Layers Of Blackness

Author: Deborah Gabriel
Publisher: Imani Media Ltd
ISBN: 0955721008
Size: 72.35 MB
Format: PDF
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This is the first book by an author in the UK to take an in-depth look at colourism - the process of discrimination based on skin tone among members of the same ethnic group, whereby lighter skin is more valued than darker complexions. The African Diaspora in Britain is examined as part of a global black community with shared experiences of slavery, colonization and neo-colonialism. The author traces the evolution of colourism within African descendant communities in the USA, Jamaica, Latin America and the UK from a historical and political perspective and examines its present impact on the global African Diaspora. This book is essential reading for educators and students and will appeal to anyone with an interest in the subject of race and identity who wants to understand why colourism - a psychological legacy of slavery still impacts people of African descent in the Diaspora today.

Transcending Racial Barriers

Author: Michael O. Emerson
Publisher: Oxford University Press on Demand
ISBN: 0199742685
Size: 18.71 MB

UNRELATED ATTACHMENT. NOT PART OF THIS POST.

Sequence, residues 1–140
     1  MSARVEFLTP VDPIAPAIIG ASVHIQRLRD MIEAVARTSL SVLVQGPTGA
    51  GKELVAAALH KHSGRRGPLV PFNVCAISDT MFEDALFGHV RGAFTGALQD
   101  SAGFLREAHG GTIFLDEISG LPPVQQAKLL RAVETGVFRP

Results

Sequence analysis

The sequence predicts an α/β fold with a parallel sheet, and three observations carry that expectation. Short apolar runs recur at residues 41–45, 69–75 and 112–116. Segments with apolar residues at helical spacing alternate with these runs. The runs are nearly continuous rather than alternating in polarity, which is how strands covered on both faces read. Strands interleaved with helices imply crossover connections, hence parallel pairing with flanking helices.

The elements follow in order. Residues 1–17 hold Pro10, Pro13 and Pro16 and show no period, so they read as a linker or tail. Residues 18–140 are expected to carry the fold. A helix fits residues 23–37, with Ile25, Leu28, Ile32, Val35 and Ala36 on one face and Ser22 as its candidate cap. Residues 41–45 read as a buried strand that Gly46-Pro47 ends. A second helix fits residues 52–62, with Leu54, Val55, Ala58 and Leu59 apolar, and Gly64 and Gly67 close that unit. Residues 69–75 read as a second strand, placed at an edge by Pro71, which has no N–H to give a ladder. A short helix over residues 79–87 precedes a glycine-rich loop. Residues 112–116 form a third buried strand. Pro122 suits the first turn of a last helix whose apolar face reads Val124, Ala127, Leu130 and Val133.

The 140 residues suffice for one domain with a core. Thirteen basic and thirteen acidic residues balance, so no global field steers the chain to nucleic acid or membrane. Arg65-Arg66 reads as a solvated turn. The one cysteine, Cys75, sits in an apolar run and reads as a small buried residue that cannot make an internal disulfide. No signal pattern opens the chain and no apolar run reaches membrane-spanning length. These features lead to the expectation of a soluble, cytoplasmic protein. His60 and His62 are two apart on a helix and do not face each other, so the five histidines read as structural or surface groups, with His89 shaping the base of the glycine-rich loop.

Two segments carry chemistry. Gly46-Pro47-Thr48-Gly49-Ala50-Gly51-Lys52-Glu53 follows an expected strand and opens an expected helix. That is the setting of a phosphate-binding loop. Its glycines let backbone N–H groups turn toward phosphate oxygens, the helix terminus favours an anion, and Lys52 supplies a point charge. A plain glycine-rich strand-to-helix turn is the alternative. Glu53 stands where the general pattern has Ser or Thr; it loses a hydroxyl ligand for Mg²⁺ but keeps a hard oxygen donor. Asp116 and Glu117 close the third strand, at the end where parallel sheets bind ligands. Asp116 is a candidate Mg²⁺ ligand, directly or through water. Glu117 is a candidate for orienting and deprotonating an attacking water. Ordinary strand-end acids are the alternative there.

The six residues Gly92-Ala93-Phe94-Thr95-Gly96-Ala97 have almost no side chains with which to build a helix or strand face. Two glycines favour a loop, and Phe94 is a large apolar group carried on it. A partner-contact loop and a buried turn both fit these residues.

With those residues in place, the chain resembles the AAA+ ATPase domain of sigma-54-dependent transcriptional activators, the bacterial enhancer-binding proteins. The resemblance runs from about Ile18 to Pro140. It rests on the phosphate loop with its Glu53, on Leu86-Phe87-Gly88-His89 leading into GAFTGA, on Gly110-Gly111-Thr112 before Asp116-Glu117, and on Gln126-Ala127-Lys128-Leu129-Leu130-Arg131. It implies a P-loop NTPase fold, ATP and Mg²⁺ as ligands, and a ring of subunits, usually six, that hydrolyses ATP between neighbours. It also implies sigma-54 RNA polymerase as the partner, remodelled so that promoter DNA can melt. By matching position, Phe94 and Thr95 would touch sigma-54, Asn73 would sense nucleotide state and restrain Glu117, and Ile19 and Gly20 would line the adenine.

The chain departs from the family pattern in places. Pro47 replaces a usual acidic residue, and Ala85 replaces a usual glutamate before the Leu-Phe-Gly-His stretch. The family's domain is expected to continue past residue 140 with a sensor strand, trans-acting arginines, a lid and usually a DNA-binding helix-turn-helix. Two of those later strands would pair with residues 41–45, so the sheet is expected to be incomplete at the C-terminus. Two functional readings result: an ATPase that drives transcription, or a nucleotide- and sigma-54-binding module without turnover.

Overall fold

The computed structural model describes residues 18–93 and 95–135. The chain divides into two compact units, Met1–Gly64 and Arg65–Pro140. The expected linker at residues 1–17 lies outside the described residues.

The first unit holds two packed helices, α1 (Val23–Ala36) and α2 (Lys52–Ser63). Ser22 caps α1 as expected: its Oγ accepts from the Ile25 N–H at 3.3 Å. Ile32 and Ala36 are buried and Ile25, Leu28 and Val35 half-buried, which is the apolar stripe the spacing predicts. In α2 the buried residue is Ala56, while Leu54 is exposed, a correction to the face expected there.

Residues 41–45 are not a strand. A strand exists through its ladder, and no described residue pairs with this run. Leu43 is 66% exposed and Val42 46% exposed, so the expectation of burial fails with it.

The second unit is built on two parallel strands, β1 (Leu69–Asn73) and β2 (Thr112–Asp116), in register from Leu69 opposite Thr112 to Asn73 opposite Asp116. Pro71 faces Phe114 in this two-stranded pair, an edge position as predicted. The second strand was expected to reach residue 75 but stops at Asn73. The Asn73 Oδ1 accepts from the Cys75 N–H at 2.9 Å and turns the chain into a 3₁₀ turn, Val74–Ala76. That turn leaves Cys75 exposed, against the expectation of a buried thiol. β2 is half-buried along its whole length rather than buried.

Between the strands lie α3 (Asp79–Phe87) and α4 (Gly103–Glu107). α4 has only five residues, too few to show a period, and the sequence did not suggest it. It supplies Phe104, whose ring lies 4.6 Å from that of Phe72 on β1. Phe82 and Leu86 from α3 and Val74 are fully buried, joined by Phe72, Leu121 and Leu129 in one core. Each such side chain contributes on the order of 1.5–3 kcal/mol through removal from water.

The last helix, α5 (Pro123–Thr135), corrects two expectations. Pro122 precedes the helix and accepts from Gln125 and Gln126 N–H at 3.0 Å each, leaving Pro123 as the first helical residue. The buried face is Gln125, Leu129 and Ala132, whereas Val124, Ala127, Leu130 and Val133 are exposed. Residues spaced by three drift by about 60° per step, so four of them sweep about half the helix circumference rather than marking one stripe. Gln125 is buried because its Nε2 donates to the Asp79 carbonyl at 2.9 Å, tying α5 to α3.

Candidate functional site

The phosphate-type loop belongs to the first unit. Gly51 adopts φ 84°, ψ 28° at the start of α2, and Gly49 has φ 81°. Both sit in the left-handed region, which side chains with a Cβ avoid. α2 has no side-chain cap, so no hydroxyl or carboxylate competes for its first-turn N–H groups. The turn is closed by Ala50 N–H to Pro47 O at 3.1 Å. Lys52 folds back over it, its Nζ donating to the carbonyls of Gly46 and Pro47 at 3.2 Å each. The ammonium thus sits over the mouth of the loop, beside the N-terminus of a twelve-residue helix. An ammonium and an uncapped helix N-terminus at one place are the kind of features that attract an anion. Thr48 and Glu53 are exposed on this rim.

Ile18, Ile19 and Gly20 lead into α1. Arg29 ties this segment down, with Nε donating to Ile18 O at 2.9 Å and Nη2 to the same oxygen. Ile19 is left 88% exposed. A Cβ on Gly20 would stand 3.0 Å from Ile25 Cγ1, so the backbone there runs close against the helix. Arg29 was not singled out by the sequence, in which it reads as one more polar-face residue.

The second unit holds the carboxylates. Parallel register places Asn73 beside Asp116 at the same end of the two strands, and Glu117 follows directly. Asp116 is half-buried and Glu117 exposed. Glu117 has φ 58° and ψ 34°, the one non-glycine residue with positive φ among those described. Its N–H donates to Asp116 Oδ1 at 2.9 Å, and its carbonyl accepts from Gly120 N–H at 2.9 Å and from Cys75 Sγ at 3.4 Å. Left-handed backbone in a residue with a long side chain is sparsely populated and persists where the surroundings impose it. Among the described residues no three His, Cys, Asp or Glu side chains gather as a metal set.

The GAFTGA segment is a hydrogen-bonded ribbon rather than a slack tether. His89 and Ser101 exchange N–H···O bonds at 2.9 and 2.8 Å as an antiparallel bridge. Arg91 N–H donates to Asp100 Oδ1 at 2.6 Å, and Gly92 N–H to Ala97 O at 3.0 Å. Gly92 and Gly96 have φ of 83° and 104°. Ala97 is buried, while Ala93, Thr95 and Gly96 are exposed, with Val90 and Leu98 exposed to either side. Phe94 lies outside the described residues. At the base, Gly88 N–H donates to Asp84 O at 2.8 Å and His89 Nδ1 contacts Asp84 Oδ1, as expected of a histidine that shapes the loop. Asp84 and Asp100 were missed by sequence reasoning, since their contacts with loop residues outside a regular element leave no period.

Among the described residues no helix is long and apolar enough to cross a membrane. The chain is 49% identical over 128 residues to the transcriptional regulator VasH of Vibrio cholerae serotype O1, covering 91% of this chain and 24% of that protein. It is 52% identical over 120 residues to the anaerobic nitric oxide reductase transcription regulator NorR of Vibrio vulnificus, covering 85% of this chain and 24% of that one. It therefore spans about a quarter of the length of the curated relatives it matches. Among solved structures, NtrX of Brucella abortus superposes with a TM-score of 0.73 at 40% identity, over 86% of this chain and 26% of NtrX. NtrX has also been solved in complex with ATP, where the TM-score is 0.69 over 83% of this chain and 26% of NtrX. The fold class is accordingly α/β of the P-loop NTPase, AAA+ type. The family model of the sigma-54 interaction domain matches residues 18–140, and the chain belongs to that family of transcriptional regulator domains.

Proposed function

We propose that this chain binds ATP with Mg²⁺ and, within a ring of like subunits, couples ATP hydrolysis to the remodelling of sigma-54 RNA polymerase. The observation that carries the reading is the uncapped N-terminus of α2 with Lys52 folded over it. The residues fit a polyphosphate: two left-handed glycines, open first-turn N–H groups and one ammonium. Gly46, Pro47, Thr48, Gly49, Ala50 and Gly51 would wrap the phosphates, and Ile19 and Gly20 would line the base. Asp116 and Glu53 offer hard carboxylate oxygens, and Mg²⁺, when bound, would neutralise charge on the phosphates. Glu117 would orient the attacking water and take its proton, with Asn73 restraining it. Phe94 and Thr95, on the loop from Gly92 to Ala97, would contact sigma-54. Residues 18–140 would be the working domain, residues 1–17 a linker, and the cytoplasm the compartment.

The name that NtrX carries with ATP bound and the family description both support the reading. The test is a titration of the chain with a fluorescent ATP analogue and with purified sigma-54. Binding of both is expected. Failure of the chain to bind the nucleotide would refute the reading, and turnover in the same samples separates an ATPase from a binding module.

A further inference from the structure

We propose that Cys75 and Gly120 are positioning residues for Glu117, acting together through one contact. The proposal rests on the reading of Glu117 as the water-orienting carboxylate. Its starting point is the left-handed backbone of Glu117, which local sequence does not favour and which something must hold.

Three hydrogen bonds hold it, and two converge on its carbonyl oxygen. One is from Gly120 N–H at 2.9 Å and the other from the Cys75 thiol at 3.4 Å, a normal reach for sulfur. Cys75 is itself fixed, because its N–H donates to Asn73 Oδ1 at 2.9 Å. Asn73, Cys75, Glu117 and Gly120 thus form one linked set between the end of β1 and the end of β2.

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Transcending Racial Barriers offers both a historical overview of racism in American society and an illuminating analysis of the common interests between races that can provide a powerful new approach towards ending racial inequality.It is a bold step forward in the debate about what sort of public policies can overcome the ethnocentrism inherent in so much of the racism we suffer from.

Balanchine A Biography

Author: Bernard Taper
Publisher: Univ of California Press
ISBN: 9780520206397
Size: 35.96 MB
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Written with wit, insight, and candor, Balanchine is a book that will delight lovers of biography as well as those with a special interest in dance. For this edition the author has added a thoughtful yet dramatic account of the working out of Balanchine's legacy, from the making of his controversial will to the present day. The author explores the intriguing legal, financial, and institutional subplots that unfolded after the death of the greatest choreographer of the century, but the central plot of his epilogue is the aesthetic issue: In the absence of their creator, can the ballets retain their wondrous vitality? Taper illuminates the fascinating transmission of Balanchine's masterworks from one generation to another, an unprecented legacy in the history of ballet, that most evanescent of the arts.